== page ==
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Adverse effects of parental alcoholism

What? You thought it wouldn’t affect the kids later down the line? Having a problem with alcohol doesn’t just impact on you – it impacts your children too. looks at how alcohol abuse has long-term adverse effects on your children


The addiction influences their emotional and behavioural wellbeing

The association between the externalisation of negative behaviour in children and parental alcohol problems indicates that children can exhibit adverse effects of parental alcoholism. The mental health of the child is affected at a very early stage. Research shows that parents who suffer from alcohol addiction negatively influence their child’s emotional and behavioural wellbeing by increasing the child’s likelihood of acting out and lack of control. For example, ‘boys living in alcoholic or antisocial homes (or both of these) are at elevated risk for displaying risky individual-level characteristics and for living in risky environments characterized by conflictual familial interactions. Boys may learn through repeated observations to also use conflictual and coercive behaviours and thus, even as young as 3 years of age are at risk for elevated levels of externalizing behaviour problems’[1].

Combination of both mental health issues and alcohol

Parents with adverse mental health problems and alcohol addiction are putting their children at a greater risk of developing disorders. Children of parents who struggle with both alcoholism and mental health problems are more likely to develop psychopathologies than children whose parents only suffer from alcohol dependency:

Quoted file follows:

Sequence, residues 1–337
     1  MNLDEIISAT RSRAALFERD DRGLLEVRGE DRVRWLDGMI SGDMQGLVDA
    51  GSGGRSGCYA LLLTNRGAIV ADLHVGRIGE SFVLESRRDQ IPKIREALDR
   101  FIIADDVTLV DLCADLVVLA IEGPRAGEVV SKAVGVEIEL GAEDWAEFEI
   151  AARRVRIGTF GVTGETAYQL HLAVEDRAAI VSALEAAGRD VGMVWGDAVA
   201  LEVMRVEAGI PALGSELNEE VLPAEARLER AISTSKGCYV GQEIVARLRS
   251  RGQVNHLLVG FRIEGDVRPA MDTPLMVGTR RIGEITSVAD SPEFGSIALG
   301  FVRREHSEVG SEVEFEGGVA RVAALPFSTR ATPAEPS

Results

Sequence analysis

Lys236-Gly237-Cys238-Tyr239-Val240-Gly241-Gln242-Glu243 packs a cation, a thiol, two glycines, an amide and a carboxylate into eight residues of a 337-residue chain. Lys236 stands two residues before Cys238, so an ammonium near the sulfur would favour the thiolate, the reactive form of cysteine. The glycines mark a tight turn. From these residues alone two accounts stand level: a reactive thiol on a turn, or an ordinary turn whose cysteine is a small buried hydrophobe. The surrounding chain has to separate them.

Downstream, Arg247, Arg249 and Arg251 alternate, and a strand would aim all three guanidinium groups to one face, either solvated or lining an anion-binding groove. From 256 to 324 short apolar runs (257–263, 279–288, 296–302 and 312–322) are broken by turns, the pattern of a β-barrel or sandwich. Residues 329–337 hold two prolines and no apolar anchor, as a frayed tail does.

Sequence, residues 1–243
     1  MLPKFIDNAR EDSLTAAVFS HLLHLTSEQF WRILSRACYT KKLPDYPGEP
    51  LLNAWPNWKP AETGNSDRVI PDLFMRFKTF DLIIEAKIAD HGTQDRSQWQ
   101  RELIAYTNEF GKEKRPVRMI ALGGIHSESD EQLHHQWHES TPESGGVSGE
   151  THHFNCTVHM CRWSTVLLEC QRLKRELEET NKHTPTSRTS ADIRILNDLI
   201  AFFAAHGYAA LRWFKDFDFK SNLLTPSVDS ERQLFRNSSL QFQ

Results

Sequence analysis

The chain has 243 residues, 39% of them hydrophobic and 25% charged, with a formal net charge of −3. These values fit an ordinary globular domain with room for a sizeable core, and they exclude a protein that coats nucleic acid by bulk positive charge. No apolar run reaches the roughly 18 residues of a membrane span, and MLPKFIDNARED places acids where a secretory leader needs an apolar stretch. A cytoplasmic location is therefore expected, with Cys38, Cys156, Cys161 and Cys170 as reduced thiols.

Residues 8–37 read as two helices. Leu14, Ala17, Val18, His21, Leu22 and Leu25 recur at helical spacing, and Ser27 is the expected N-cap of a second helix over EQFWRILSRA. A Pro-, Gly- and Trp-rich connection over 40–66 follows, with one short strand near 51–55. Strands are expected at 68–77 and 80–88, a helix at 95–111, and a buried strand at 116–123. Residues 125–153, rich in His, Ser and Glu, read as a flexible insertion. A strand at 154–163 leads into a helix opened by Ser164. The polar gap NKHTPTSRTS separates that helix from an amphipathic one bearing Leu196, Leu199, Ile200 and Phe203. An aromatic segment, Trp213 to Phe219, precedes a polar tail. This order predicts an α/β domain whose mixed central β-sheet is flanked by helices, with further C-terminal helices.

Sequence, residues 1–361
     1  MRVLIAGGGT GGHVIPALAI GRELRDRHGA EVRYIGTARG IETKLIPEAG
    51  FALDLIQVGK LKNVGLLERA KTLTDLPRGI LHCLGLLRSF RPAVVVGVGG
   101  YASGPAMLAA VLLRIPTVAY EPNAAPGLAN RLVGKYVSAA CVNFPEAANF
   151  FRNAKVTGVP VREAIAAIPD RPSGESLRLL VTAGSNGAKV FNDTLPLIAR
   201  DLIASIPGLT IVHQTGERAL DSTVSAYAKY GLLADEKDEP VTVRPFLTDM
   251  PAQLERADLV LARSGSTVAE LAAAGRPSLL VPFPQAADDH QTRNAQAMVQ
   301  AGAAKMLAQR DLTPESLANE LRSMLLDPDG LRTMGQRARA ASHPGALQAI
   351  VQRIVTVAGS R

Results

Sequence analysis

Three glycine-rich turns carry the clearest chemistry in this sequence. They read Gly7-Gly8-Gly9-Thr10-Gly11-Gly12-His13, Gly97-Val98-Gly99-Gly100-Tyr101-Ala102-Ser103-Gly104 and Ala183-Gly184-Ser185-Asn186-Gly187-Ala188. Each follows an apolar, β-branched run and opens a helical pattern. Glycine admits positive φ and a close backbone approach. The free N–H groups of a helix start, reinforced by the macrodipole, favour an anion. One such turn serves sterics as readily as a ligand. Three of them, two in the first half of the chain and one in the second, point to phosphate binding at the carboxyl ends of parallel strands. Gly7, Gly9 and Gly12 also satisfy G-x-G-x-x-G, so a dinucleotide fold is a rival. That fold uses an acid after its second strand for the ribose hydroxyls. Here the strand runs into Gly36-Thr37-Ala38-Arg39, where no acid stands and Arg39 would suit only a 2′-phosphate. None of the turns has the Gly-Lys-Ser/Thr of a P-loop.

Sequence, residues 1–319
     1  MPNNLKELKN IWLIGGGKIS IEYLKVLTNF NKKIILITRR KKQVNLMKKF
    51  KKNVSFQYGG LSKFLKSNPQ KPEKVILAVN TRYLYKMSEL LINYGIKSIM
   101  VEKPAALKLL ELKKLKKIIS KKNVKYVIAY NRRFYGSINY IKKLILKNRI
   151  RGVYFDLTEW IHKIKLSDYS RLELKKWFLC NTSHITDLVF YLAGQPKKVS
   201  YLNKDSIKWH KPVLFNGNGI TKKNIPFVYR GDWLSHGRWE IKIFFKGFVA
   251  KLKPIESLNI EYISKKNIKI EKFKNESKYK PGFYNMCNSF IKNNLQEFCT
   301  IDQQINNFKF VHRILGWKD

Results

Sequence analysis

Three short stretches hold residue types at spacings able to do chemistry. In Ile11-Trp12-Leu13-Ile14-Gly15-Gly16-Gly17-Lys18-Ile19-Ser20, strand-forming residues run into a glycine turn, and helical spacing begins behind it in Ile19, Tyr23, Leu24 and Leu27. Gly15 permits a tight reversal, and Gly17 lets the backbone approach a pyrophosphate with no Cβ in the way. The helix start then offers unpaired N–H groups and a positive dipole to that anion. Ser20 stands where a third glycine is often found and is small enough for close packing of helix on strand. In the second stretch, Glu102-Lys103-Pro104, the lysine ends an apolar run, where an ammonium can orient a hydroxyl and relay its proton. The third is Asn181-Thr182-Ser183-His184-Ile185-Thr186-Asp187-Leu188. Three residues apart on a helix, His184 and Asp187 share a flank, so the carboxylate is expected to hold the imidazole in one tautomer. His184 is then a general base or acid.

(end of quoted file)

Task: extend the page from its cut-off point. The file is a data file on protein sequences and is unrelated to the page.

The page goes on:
‘Adolescents who had parents diagnosed with alcohol dependence and a comorbid psychiatric disorder had a significantly elevated risk of developing conduct disorder, depression, and substance abuse problems in comparison to adolescents who had parents with no lifetime psychopathology’[2].    

Parent-child role switch: alcoholism and parentification of children

There is strong evidence to support the hypothesis that parental alcoholism increases the development of parentification (i.e., children adopting the roles of the parents). The unpredictability of families with parental alcoholism contributes significantly to parentification in children[3]. Parents with poor self-care skills and alcohol addiction may even directly elicit the help and support of their children, pressuring the child to further adopt a level of responsibility that they are not mature enough to process or handle.

Gender differences of children with alcoholic parents

New parents may want to inform themselves about the gendered aspect of the effects of parental alcoholism on children – because there is a gender difference with regards to children of alcoholics. One piece of research shows that there is an increased tendency of sons with alcoholic father to develop psychopathological disorder more so than daughters with alcoholic mothers. Daughters with alcoholic mothers have an increased risk of developing disorders than sons with alcoholic mother[4].

Communication – a preventative strategy

Another study demonstrates that parental alcoholism increases the level of communication about alcohol, which in turn leads to less alcohol-related problems of adolescents. However, alcohol-related problems of parents also lead directly to an increase in alcohol-related problems of adolescents, therefore, ’frequent communication on alcohol matters within families might be due to alcohol-related problems of parents’[5]. This implies that promoting good parent-child and constructive communication skills around the subject of alcoholism may be important as a preventative strategy.

Parents getting treatment actually helps children

This may seem like an obvious point; however, the strong evidence supports the notion that parents struggling with alcoholism ought to seek professional help not only for their own wellbeing but also for the health of their children. Research shows that children benefit when their parents receive treatment for their alcoholism. The adverse psychological symptoms of children of alcoholics’ decreases after the parents undergo treatment for their addiction[6].